From £8,385
The Seat Mii takes the Spanish manufacturer back to the happy hunting ground of city cars. Like its Skoda Citigo and VW Up sister cars, it oozes first-rate qualities.

Our Verdict

Seat Mii
Three and five-door versions are offered

The Seat Mii is the Spanish brand's take on the Volkswagen Up city car and shares its thrummy 1.0-litre, three-cylinder engine

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17 November 2011

What is it?

You know those competitions where they black out the outline of a car and ask you to guess what it is by its silhouette? Well the VW Group is in the midst of delivering a joker in the pack, as separating its near-identical VW Up, Skoda Citigo and Seat Mii is going to be impossible.

All three have the same dimensions, same engine line-ups (at least initially) and same mechanical set-ups. The distinguishing features only become apparent under detailed examination, as all have their own front-end designs, chiefly taking in the grille and headlamps. Oh, and the prices and on-sale dates will be slightly different, in the order of VW, Seat and Skoda on both counts.

The Mii, which will go on sale next spring and cost from an estimated £7800, takes Seat back to the happy hunting ground of city cars, which it previously fared well in with the Arosa. Seat UK sold 19,500 Arosas between 1997 and 2005, and reckons its latest value offering will fare equally well.

There will be three trim levels and two equipment packages, although the specifics of each have yet to be set. All that is certain is that Chic will add a chrome pack, while Sport will come with a hardened chassis set-up and tinted windows. Although the latter hints tantilisingly at a more sport Mii down the line, insiders say they’ve yet to be convinced of the business case for it.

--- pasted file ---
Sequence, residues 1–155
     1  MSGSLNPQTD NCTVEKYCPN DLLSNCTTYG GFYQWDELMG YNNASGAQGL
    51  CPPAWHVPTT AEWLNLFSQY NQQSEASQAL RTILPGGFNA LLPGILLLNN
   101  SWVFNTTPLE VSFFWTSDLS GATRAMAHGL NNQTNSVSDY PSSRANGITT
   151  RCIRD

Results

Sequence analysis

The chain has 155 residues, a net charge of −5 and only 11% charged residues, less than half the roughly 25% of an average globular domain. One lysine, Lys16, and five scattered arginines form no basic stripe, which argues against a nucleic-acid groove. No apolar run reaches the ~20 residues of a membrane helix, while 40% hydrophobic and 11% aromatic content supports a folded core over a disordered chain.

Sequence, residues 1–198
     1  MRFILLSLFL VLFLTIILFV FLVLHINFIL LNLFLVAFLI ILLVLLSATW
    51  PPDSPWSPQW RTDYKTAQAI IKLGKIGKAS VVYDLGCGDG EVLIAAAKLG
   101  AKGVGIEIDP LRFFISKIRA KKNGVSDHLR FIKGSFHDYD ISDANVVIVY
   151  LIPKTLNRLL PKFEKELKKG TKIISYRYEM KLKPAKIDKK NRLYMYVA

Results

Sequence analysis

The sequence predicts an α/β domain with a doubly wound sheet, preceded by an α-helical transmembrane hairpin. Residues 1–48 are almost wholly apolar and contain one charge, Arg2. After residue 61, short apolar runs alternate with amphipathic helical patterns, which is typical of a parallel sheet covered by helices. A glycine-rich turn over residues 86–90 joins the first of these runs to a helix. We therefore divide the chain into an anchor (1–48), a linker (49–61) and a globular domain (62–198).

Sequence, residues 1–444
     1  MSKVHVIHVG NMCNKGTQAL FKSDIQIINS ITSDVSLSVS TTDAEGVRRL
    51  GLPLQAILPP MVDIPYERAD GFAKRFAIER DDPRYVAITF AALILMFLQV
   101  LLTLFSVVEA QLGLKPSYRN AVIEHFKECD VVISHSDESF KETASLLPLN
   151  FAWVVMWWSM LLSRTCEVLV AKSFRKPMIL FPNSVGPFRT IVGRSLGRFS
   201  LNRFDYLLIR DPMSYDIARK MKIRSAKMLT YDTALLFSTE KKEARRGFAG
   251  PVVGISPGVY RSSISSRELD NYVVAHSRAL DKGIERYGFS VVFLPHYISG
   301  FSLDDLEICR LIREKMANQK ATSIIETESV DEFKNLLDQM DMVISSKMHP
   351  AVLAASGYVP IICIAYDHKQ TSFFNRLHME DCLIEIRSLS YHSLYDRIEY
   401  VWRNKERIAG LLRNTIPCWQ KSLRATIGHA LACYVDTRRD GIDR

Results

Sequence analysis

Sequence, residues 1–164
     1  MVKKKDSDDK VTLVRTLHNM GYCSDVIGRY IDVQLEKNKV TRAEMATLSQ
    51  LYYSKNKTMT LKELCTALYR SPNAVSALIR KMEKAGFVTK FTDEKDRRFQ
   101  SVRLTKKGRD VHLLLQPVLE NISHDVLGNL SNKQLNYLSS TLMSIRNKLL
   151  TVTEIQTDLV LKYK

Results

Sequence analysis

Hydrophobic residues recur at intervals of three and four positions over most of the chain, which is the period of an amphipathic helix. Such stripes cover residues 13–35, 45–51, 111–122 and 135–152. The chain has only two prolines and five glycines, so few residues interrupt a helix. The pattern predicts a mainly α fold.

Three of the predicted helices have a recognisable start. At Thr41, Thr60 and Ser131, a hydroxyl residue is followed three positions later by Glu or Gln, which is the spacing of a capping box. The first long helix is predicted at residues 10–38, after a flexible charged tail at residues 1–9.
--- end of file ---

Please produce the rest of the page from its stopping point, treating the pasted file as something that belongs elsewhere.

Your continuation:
The Mii will be offered with two petrol 1.0-litre engines at launch, with either 59bhp or 75bhp. Both produce 70lb ft of torque and are linked to a five-speed manual; an automated sequential gearbox will be sold later.

What’s it like?

We drove the more powerful version on a standard suspension set-up, and if there were any doubts about the VW Group offering essentially the same set-up across its three brands, there were quickly cast aside; whatever the badge on the front, this is a car that oozes first-rate qualities.

The 999cc engine is amazingly capable, both in its natural town habitat and on the motorway. At low revs it is remarkably refined, and at worst it only rises to an appealing three-pot thrum that seems to somehow enhance the experience rather than intrude. While 0-62mph in 12.7sec won’t wow anyone, it’ll cruise up to three-figure speeds given enough space. The gearbox is direct and light to use.

Steering is light and agile, if not massively feelsome. Again, that works best to the car’s city car credentials, as it makes nipping in and out of traffic, manouvering and parking simple. The ride is mostly excellent, although the most broken roads hinted at a slight firmness that may be exposed in the UK.

All this is delivered in a cabin that is notable for being functional, fuss-free and, in places, characterful. No doubt the high-spec model we tested helped, but the flashes of polished plastics and interior colour lifted the interior above the level of most rivals, if not up to the standard of the Fiat 500.

Although there’s no defying the Mii’s basic, small dimensions, there’s also room for four, provided the back seat passengers are small or not going far. Boot space is 251 litres, which might just take a weekly shop, and opens up by another 700 litres with the rear seats down.

Should I buy one?